13 HRS

13 HRS

13 HRS

Horror films are not always known for their intelligence and craftsmanship, particularly in critical circles. “Smart” or “artistic” horror films like The Ring, The Orphanage, and The Others are often treated as exceptions or outliers. This is not without reason, many mainstream horror films tend to be horror comedies or gore-fests that are not always made with skill or respect for the audience. As a result, the genre of horror films might be seen as split between high art and exploitative schlock.

Of course, people who have seen a wide range of horror movies know that such a categorization system is a gross oversimplification, since where would we put films like 13Hrs, which aims to give the pleasures of a well-made, straightforward genre film, but founded on character relationships and atmosphere as well as edgy angles and well-judged effects? 13Hrs, written by Adam Phillips and directed by Jonathan Glendening, may not necessarily be going for classic status, but its goals are certainly worthy.

The plot of the film is certainly appetizing to people with a taste for straight-up horror. Sarah (Isabella Calthorpe) is going to visit her estranged family, along with her friends. However, given the grudges and unresolved problems among this group of people, the gathering is far from picture-perfect—and that’s even before the monster is to appear.

As Philips has written the script, the monster (a werewolf) is not supposed to be some beast that happens to sneak into the house. One of the people in the house is actually the werewolf, and the need to solve the mystery of the monster’s identity is central to the plot. This is not only an interesting plot device, but also serves to bring rich symbolic and psychological content to the story. Here is how we might read this: the monster will already be in the house, and was in fact among the “good guys” all along, and can be considered a symbol of all the unresolved resentment buzzing in the air due to all the buried secrets and grudges. This is not just a lame attempt at depth. Rather, Phillips and Glendening know that high-quality horror movies are about more than just what literally happens on-screen. To be truly effective and frightening, they have to tap into secret neuroses, highlighting things we did not even know we were afraid of.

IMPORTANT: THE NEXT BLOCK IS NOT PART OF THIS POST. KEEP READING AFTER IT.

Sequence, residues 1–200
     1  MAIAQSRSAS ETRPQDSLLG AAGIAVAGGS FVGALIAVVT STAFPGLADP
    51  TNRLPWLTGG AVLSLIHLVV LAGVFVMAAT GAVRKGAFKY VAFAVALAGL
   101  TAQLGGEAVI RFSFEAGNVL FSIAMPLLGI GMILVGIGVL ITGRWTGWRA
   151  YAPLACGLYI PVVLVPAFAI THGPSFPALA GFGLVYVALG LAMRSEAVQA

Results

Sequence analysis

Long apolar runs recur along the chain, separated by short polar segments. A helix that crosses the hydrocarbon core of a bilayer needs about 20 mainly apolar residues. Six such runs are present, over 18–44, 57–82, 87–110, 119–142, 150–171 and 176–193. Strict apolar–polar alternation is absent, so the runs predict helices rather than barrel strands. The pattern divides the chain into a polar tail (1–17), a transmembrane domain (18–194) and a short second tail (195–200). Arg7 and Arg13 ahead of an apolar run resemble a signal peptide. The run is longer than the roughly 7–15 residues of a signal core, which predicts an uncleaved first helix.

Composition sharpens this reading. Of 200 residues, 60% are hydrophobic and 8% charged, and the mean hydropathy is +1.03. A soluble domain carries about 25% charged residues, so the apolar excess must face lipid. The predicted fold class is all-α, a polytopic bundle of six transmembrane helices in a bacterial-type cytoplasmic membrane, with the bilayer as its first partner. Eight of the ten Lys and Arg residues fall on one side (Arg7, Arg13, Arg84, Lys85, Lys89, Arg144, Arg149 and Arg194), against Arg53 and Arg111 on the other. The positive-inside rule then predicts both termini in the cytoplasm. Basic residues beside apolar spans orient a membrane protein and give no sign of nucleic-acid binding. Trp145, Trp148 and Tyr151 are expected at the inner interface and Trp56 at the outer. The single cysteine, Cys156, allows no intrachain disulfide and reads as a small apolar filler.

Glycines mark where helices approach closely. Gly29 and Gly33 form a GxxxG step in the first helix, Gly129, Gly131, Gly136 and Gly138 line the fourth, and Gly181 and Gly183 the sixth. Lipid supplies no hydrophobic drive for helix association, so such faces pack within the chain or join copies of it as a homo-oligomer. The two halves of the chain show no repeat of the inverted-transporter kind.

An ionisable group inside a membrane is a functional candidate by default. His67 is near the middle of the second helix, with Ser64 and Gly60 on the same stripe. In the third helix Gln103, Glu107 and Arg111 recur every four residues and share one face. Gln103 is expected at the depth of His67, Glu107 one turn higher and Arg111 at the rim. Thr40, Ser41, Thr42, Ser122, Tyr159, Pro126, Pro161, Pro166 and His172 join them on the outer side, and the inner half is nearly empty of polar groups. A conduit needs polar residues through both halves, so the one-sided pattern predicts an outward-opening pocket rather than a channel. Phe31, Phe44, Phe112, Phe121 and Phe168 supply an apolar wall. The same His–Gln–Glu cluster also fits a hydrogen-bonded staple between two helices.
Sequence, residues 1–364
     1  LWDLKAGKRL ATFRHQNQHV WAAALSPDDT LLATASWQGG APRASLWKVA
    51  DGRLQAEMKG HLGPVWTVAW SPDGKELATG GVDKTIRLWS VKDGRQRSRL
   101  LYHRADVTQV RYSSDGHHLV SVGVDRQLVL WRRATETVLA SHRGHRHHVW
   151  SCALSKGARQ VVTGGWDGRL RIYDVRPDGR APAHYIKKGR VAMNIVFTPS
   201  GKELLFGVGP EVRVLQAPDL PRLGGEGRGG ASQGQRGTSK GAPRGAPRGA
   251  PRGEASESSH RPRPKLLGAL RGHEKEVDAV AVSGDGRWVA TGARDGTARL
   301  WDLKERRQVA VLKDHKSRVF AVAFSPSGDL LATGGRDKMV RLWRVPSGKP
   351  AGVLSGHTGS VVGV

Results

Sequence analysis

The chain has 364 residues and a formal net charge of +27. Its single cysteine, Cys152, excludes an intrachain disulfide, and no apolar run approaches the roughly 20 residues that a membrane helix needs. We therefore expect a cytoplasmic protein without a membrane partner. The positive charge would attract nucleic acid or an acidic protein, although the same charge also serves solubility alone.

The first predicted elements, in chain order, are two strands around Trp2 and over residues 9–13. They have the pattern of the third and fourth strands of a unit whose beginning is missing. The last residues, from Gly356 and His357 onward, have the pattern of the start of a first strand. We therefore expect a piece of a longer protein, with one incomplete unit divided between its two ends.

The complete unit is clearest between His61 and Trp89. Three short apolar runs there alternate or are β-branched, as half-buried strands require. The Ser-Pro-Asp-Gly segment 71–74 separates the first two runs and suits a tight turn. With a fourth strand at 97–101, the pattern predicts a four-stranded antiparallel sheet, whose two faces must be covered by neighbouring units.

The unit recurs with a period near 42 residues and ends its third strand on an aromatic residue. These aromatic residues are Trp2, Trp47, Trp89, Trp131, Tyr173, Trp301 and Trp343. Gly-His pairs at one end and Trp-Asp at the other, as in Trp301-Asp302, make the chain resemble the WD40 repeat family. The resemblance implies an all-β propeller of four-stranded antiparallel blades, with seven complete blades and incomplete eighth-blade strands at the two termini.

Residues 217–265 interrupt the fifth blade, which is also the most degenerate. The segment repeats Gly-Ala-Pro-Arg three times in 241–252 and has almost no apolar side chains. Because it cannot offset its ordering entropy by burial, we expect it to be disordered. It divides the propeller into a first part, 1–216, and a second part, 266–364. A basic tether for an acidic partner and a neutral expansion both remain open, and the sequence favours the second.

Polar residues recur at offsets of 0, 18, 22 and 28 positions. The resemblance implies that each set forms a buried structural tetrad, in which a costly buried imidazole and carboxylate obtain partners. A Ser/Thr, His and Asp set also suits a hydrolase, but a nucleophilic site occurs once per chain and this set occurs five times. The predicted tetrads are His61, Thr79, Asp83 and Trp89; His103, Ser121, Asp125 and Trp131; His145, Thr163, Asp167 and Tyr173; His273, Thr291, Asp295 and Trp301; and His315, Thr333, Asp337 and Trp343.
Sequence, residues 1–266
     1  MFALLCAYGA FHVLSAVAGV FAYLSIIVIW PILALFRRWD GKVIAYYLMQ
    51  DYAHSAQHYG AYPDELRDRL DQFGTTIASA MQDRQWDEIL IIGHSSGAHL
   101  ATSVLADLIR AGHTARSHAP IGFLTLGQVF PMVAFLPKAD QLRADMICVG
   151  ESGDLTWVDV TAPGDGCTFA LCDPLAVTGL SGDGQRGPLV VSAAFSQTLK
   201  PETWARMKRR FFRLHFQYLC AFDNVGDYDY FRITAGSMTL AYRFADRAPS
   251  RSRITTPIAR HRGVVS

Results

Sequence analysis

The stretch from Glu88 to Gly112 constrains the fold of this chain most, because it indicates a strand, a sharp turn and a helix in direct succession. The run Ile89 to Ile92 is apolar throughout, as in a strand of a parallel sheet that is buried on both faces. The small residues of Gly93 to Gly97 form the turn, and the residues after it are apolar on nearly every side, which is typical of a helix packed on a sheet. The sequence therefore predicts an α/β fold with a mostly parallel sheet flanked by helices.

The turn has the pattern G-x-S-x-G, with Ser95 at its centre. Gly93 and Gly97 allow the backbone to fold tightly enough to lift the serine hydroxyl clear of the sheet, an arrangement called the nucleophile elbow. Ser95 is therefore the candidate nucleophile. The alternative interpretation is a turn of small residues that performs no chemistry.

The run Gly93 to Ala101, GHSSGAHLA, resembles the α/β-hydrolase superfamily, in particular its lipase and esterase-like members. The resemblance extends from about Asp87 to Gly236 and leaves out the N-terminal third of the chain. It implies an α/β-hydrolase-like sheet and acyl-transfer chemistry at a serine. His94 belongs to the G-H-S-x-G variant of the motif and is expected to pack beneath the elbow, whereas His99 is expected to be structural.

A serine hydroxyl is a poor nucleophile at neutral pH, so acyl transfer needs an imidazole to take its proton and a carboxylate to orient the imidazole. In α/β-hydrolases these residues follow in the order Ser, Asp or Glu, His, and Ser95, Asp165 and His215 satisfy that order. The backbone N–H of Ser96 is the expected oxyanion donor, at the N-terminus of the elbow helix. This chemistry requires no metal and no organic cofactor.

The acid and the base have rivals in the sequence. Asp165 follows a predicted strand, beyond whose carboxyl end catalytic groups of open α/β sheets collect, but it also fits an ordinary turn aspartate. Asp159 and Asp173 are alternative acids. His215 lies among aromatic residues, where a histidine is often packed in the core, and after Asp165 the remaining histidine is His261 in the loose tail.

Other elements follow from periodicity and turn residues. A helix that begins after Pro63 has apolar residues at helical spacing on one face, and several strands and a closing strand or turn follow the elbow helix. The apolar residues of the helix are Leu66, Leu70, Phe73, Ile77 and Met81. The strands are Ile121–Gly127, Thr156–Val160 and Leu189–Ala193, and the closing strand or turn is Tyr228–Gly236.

As the film has not yet been released, it is a bit difficult to comment conclusively on the acting. The actors in this film (except for the possible exception of Tom Felton, who plays Draco Malfoy in the Harry Potter films) are not huge stars. Most of them have made their living on TV, or in small/peripheral feature film roles. However, a look at this previous work gives us ample reason to expect good or at least adequate acting from all the major players concerned.

13Hrs promises to be a chilling, entertaining new entry to British horror, perhaps even being a bit of a throwback to the Hammer horror classics, which were a good balance between visceral thrills and skillful, inventive filmmaking.

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Year : 2010
Director : Jonathan Glendening
Writer : Adam Phillips
Starring: Isabella Calthorpe, Gemma Atkinson, Tom Felton
Country: United Kingdom
Running time: 82/89 mins.
Genre: horror

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